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Notes from the Mayor

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    by Jerah R. Cordova

    In 2016, the City of Belen saw millions of dollars in projects that benefits our city economically.

    Not only did we build a new Main Street overpass to help BNSF expand, but we also built a new runway at Belen Alexander Airport to bring United States Air Force training operations to Belen. There were lots of other projects, too. Big road projects and small ones. Big park improvements and small ones. We opened a business center. We had a successful Bugg Lights display, and while Anna Becker Park still isn't as decorative as it was in the 1990s, we got some reindeer shining bright there this year. The list goes on.

    2017 will be better. First, we're creating businesses and jobs through the entrepreneurship of local innovators who are starting and expanding businesses. We also have companies coming from far and wide to Belen because of the strength in our transportation infrastructure -- roads, rail and the airport. Sure, growth has been slow -- and yes, we have a lot to make up for. Belen slid from being Valencia County's biggest and best to second best over the past two decades. But the slide has stopped, and we're starting to catch up.

    What do we have to look forward to? In a few broad strokes:

    • Several major road projects in areas of town that have been neglected for decades, including Martha Jean, San Lorenzo, La Luz, Campana and East Ross.
    • Several major business announcements. As they caution me, let's not get ahead of ourselves or get too excited. But we need to be excited by the progress that's in the works, from the renovation of F&E Plaza tied closely to the expansion of two local businesses to some closely held major business prospects I can't yet give details about.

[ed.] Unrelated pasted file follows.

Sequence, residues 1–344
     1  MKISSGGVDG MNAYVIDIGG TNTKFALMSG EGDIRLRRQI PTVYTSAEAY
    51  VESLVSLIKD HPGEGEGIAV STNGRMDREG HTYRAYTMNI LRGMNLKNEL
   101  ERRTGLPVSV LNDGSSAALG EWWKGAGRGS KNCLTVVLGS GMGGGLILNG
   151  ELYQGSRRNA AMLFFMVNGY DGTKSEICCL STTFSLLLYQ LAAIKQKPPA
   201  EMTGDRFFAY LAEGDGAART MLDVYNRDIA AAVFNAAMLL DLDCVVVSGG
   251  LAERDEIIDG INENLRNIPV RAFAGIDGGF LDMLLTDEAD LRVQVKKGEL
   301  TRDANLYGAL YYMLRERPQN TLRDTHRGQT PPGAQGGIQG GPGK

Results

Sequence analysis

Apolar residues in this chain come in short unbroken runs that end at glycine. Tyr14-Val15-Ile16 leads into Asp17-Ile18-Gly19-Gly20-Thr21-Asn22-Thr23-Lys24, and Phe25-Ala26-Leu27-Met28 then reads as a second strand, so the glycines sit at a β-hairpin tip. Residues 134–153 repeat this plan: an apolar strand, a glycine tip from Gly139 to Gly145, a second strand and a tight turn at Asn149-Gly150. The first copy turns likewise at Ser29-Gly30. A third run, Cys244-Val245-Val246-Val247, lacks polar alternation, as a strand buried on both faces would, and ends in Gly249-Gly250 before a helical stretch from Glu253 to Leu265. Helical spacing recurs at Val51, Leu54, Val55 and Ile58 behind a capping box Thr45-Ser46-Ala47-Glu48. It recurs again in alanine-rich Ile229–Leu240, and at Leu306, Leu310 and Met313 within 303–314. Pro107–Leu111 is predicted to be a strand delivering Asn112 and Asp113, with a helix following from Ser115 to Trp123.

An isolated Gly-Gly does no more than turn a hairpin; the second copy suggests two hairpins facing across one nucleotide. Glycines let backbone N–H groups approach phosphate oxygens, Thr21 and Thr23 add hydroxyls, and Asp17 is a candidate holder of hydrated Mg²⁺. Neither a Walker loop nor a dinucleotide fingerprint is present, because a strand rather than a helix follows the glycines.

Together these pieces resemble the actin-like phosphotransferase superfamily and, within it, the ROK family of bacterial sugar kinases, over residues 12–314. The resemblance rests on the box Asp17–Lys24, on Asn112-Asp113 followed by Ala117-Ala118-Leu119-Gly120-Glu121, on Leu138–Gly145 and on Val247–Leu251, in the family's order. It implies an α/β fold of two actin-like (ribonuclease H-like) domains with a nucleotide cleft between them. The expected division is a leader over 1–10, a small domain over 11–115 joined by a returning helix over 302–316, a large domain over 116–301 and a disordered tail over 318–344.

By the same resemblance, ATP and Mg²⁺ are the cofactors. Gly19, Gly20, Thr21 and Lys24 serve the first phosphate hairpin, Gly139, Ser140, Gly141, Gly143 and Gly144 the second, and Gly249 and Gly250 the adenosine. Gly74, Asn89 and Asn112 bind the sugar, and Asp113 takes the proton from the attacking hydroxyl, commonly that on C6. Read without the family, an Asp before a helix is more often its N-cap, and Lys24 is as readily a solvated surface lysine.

• A continuation of our maintenance improvements. Three years ago I set us toward beautifying the city. We've had some very determined successes and a few tough sites we're still working to improve. We'll get there.

    In the coming few months, I hope to release a detailed plan for Belen to explain my vision for how Belen can fix many of its problems. After three years in office, I've learned a lot about how this town works -- and where it doesn't work. We'll work together -- as mayor and council -- to get the job done.

    by Jerah R. Cordova

    Belen has among the richest of New Mexico traditions. This weekend as we celebrate the Our Lady of Belen Fiestas, as we have for well over 200 years, keep in mind that Belen is made special because of its 275 years of sometimes wild and always very western past. We're a community of culture and history.

    The fiestas are just one part of the compelling Belen history we get to live.

    We have stories of poker games waged over property disputes, where the winner took home a prime piece of land that later became Buckland Bros. Pharmacy. We have a downtown railroad district punctuated by the Harvey House Museum. We have the historic Anna Becker Park. And we have plenty to tell about the people who were born here -- actress Gloria Castillo, musician Bobby Keys, boxer Art Aragon and others, including those we cherish as our neighbors -- and even the actors who have come here of the years, including that time Arnold Schwarzenegger jumped off the roof of the historic Central Hotel, falling through the awning of the old Eva's Grocery. (Thankfully for him, it was just a Hollywood stunt for The Last Stand.)

    When I think of Belen a lot of great stories come to mind. These stories are gifted to us by our strong culture, and we're fortunate to live in a such a cultural place, a place that can't be called Anytown, USA. We're unique and we're proud of it.

    by Jerah R. Cordova

    Belen has completed more than $21 million in infrastructure projects in just over two years. That's an incredible amount for our small city, and it more than shows how seriously the city takes the need to improve our city and its infrastructure. It's a long list:

    • $9.5 million to build a new North Main Street overpass to support the Belen rail yard